When Wendell Town Manager Teresa Piner pointed out to town commissioners on Monday night that the town had not had a capital spending plan for several years it was more than a little surprising.
Piner raised the issue because she wants to commissioners to help create one and she’s certainly right that the town needs one. Capital spending plans are critical for towns to manage their resources properly.
A capital spending plan is, usually, a five-year plan that outlines major one-time expenditures that the town expects to have to make during that period of time. Large dollar items like police cars, heavy equipment, new construction and the like go on a capital spending plan. Unlike operating expenses such as employee salaries, utility bills and gasoline, capital expenditures generally only happen once, or more precisely once in a long while.
The lack of a capital spending plan means towns don’t properly save money for some of those expenses and, suddenly, they find they have equipment that doesn’t work, buildings that leak or police cars that spend more time in the shop than on patrol. And, they find they have no money to address those needs once they happen.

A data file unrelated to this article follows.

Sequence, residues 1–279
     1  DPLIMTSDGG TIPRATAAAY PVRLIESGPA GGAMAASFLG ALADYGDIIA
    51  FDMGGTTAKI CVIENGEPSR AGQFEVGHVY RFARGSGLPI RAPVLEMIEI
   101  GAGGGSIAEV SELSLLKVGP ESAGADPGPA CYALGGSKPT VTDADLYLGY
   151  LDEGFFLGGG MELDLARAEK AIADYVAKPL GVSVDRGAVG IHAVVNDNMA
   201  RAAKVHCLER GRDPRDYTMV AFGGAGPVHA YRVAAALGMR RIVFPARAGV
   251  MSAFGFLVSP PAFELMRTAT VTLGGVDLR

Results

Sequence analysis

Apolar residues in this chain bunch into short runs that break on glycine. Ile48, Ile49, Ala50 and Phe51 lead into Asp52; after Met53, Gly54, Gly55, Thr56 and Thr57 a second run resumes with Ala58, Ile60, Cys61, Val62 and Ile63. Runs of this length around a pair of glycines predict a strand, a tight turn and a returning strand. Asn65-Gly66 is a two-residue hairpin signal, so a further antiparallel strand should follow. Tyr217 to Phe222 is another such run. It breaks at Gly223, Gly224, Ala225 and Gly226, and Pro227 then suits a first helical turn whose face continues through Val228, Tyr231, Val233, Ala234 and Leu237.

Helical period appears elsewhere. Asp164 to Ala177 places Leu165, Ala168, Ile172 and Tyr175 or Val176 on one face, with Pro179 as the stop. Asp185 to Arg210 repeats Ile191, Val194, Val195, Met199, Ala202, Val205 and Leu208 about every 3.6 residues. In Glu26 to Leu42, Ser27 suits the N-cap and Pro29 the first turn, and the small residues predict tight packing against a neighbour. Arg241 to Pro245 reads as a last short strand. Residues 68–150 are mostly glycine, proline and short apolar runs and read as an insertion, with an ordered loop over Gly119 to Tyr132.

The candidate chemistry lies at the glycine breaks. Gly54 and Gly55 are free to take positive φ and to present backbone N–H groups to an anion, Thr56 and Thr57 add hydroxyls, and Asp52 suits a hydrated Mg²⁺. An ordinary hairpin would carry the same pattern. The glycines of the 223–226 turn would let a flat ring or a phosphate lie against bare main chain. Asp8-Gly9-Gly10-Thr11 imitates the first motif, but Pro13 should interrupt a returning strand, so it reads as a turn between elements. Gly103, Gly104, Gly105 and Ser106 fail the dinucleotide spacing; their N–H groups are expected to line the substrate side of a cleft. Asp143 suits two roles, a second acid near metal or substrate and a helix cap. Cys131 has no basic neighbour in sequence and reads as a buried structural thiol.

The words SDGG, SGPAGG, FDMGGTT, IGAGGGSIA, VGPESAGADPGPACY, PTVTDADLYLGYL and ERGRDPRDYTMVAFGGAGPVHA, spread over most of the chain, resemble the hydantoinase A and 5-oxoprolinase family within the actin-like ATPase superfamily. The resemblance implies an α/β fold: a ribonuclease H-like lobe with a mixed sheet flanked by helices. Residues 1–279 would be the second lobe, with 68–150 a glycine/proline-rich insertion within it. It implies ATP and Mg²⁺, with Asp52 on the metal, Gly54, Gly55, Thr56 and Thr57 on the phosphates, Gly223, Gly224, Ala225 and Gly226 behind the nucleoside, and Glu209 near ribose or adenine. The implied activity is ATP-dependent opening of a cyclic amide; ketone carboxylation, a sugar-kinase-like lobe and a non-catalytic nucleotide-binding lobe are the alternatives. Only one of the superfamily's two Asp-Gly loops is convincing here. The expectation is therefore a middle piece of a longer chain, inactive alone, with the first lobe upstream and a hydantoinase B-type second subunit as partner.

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The beauty of a capital plan is that, because it’s a medium-range plan, there is flexibility. Towns generally spend money in the annual budget for the items on the first year of the plan. If done properly, money is set aside in savings to help pay for future capital expenditures.
When those needs change from year to year, the plan can be adjusted to meet the immediate needs or to prepare for new needs that may crop up in the next few years.
Piner proposed a draft capital plan and commissioners are likely to review it in some detail, which is fine. In fact, that’s what Piner wants. The dollar signs will mount up quickly, but commissioners should not let that frighten them. Instead, as they look at expenses in the out years, they should also be looking at revenues in those same years.
As Commissioner Jason Joyner noted, it would require a 38-cent increase in the tax rate to fund all the items in the capital improvement plan. No one expects that to happen, but if commissioners want to begin preparing to meet these needs in years 2 through 5, now is also the time to start thinking about new revenues, whether it comes from growth in the tax base, an increase in taxes, loans, a bond or some combination of all the above.